The most prominent approach used by tax authorities to determine the arm's-length price for such transactions is to determine the net margin earned by similar service providers in the market. The net margin is then applied to the cost of services provided by the service provider, to arrive at the arm's-length price and consequently the TP adjustment.
This position taken by the tax authorities is usually challenged in appellate proceedings before the Commissioner (Appeals) or the Dispute Resolution Panel (DRP), and later at income tax appellate tribunals and courts.
The cost-to-cost value
The landscape around the cost-to-cost charging mechanism for services in the O&G sector is an industry practice consistently followed by O&G companies in India and globally.
There are practical reasons for this approach, including commercial reasons and sovereign restrictions. However, alternative approaches also need to be examined in detail. Since the introduction of HELP, the focus of PSCs is expected to shift from a profit-sharing model (NELP) to a revenue-sharing model (HELP).
The use of this mechanism would need to be examined on a case-by-case basis, and the business rationale for such use, given the litigation trend in India regarding such cost-to-cost arrangements.
The defence of a cost-to-cost service provider's TP is not an easy task, as an adjustment in the service provider's jurisdiction may lead to double taxation. However, an alternative dispute resolution mechanism in the form of the mutual agreement procedure (MAP) under the framework of income tax treaties, and advance pricing agreements (APAs) under the Income-tax Act 1961, may be considered to deal effectively with double taxation.
This article was written by Bhavik Timbadia and Ankit Goel of Deloitte India, with the contribution of Saurabh Singla.© 2019. For information, contact Deloitte Touche Tohmatsu Limited. This communication contains general information only, and none of Deloitte Touche Tohmatsu Limited, its member firms or their related entities (collectively, the "Deloitte network") is, by means of this communication, rendering professional advice or services. Before making any decision or taking any action that may affect your finances or your business, you should consult a qualified professional adviser. No entity in the Deloitte network shall be responsible for any loss whatsoever sustained by any person who relies on this communication.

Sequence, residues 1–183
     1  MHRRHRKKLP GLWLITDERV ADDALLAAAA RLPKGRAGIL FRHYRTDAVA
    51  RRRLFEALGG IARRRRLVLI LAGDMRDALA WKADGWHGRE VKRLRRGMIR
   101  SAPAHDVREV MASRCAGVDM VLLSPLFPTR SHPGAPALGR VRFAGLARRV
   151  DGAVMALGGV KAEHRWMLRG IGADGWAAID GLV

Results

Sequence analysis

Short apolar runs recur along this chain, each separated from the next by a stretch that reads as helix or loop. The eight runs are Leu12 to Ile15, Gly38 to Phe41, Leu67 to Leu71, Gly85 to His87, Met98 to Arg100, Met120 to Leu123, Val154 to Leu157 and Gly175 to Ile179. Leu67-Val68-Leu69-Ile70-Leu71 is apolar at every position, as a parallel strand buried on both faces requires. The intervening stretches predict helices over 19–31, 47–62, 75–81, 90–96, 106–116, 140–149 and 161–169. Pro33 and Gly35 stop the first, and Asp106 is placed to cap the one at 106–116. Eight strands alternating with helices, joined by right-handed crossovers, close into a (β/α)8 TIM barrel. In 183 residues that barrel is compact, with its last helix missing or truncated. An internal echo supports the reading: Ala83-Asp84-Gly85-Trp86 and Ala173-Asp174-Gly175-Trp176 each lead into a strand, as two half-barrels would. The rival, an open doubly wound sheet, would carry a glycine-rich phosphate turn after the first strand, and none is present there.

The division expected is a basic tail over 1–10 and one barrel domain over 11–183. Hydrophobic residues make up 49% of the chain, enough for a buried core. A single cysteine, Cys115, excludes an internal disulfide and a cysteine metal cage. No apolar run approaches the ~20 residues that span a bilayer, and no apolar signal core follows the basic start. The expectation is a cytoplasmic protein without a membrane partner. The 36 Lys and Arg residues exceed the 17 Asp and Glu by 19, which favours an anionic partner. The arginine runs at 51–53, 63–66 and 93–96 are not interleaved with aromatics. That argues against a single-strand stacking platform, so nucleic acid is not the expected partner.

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Bhavik Timbadia is a partner in Deloitte India's Delhi office. He has over 15 years of experience advising multinational companies on transfer pricing matters across various industries such as technology, financial services, consumer products, infrastructure, chemicals, steel, energy and automotive.
Bhavik's experience ranges from preparing contemporaneous documentation, advising on planning opportunities, value chain analysis, negotiating advance pricing arrangements (APAs) and assistance in TP litigation up to the Supreme Court. He has assisted clients in dispute resolution through the negotiation of multiple APAs in India for transactions in complex manufacturing set-up, management support services, marketing intangibles, corporate guarantees, interest attribution to permanent establishment in India, investment advisory activities and back-office services.
He is a regular speaker at various tax and industry forums and has authored various articles in tax journals and newspapers on TP issues.
Bhavik is a qualified chartered accountant and holds a master's degree in commerce from the University of Mumbai.
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Ankit Goel is a director in the transfer pricing practice of Deloitte India based in Gurgaon. He is a member of Institute of Chartered Accountants of India. Since qualification in 2005, he has specialised in the transfer pricing field.
Ankit has worked extensively in various TP assignments relating to planning, documentation and litigation for a number of renowned multinational companies. He has worked in the oil and gas industry with some of the largest multinational O&G corporations to assist them with their TP litigation, advance pricing agreements (APAs) and compliance and advisory assignments.
Ankit is a prolific speaker and has presented on diverse technical TP issues at various internal and external forums.